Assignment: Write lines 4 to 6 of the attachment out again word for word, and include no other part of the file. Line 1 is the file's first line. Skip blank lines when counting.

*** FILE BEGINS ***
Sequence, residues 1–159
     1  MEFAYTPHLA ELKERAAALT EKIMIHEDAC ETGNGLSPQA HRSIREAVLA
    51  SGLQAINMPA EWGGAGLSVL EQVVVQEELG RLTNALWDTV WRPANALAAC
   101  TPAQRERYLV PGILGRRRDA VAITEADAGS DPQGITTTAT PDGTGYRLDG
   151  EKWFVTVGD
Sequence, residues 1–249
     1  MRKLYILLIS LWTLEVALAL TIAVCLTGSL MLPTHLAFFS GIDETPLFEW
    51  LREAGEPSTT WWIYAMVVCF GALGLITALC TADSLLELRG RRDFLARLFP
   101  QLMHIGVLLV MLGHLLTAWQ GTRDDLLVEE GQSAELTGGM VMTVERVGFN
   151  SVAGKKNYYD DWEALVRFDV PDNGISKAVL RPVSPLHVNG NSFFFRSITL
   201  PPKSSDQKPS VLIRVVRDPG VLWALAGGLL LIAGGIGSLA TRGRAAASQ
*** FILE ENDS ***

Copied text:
   101  TPAQRERYLV PGILGRRRDA VAITEADAGS DPQGITTTAT PDGTGYRLDG
   151  EKWFVTVGD
Sequence, residues 1–249